CoreDNS: endpoint_pod_names

I’m still on the hunt for a way to connect Erlang nodes in a Kubernetes cluster by using pod names.

When you connect to an Erlang node, the name you use and the name it uses for itself must match. This means that no matter how you discover the Erlang node, Erlang needs to be able to resolve that name in order to connect to the destination node.

This is why libcluster requires a StatefulSet, or uses IP address-derived node names, or uses the actual IP address. These are the only way you can refer to a pod inside Kubernetes.

Why does this matter?

When you’re not using a StatefulSet, your pod name is something like this:

$ hostname

…and your Erlang/Elixir node name is something like this:

$ ./cluster_demo/bin/cluster_demo remote
Erlang/OTP 24 [erts-12.2] [source] [64-bit] [smp:4:4] [ds:4:4:10] [async-threads:1]

Interactive Elixir (1.13.1) - press Ctrl+C to exit (type h() ENTER for help)

It’s subjective, but I prefer this to IP address-based names, for the following reasons:

  • They’re slightly more recognisable in logs. IP addresses are just (small) numbers, which are easily confused.
  • In cluster-demo-7bd795854f-298qd, the 7bd795854f part identifies the ReplicaSet, which might be important.
  • IP addresses might be recycled, which is relevant if you’re looking at historical logs.

But you’re basically out of luck. Pod names are not resolvable in DNS.

Or are you…?

The endpoint_pod_names setting for the kubernetes plugin in CoreDNS might do what we want. The documentation says (slightly reformatted):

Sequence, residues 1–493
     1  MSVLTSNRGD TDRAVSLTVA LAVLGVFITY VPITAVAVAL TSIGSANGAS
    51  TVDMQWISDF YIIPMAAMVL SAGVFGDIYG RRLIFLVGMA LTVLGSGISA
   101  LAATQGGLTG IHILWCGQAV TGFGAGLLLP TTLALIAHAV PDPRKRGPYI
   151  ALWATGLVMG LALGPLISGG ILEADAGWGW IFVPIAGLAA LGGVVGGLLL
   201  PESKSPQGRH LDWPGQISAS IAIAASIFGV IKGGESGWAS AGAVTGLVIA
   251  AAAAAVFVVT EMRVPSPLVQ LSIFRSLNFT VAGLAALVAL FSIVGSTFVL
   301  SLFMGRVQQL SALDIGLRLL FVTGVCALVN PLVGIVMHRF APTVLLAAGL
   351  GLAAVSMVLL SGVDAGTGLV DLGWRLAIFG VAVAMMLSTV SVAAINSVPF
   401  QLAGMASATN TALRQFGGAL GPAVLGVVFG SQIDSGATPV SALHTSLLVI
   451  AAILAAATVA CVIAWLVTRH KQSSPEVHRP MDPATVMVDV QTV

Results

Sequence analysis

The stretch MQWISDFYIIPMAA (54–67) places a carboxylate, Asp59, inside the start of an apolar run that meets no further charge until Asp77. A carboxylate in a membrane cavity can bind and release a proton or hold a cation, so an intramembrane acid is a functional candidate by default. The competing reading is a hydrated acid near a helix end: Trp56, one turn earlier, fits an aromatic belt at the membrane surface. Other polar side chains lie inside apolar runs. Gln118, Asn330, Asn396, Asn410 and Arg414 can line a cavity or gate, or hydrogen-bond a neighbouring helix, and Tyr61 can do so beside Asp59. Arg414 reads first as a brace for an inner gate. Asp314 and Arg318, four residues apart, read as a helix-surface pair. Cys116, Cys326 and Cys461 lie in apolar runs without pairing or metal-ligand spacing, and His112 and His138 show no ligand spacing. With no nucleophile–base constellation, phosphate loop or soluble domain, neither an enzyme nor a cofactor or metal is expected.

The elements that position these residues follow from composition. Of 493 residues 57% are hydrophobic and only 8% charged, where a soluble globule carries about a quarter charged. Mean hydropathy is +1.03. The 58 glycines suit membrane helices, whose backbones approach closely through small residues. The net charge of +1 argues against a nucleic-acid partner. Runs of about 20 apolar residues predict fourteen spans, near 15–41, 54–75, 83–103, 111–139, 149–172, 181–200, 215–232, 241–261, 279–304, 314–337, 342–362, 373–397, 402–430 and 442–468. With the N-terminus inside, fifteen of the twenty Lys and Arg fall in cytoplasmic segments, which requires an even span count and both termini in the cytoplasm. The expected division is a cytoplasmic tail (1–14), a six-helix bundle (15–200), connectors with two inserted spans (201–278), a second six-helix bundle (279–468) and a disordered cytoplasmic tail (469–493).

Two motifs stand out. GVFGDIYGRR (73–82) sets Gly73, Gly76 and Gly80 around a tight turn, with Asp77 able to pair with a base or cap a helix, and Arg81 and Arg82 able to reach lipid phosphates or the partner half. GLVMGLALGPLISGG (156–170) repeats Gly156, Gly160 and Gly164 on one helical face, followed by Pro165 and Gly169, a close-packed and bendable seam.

endpoint_pod_names uses the pod name of the pod targeted by the endpoint as the endpoint name in A records, e.g., in A

By default, the endpoint-name name selection is as follows: Use the hostname of the endpoint, or if hostname is not set, use the dashed form of the endpoint IP address (e.g.,

If this directive is included, then name selection for endpoints changes as follows: Use the hostname of the endpoint, or if hostname is not set, use the pod name of the pod targeted by the endpoint. If there is no pod targeted by the endpoint or pod name is longer than 63, use the dashed IP address form.

This directive is not included by default, meaning that StatefulSet pods (which have a hostname) can be resolved as follows:

# dig +short web-0.web.default.svc.cluster.local

…and that other pods can be resolved as follows:

# dig +short 10-42-3-75.cluster-demo-headless.default.svc.cluster.local

But note that dashed-IP lookups don’t work for StatefulSet pods:

# dig +short 10-42-1-47.web.default.svc.cluster.local

Enabling endpoint_pod_names

Run the following:

kubectl --namespace kube-system edit configmap coredns -o yaml

Add the endpoint_pod_names directive to the kubernetes plugin configuration, so that it looks something like this:

kubernetes cluster.local {
  pods insecure
  endpoint_pod_names    # <-- add this

This will rewrite the CoreDNS configuration files, and CoreDNS will reload them.

Try it out

# dig +short cluster-demo-7bd795854f-298qd.cluster-demo.default.svc.cluster.local

Seems to work.


  • You might not be able to persuade your ops team to enable endpoint_pod_names.
    • It might not stay enabled when your cluster is upgraded.
  • It looks like you need to redeploy your pods to get the pod names registered in DNS.
  • Is it really all that important that your Erlang node names look nice?
  • You’re going to need to set the node name to the long form anyway.
    • By default, k8s pods only have a short name, so hostname -f returns the same as hostname.
    • You can force long names by using a StatefulSet. We don’t want to do this.
    • Alternatively, set the subdomain field in the Deployment.
  • libcluster doesn’t know anything about this, so you’ll need to use something else.
    • That’s not that big a deal; libcluster’s convenient, but not necessary.


Further Reading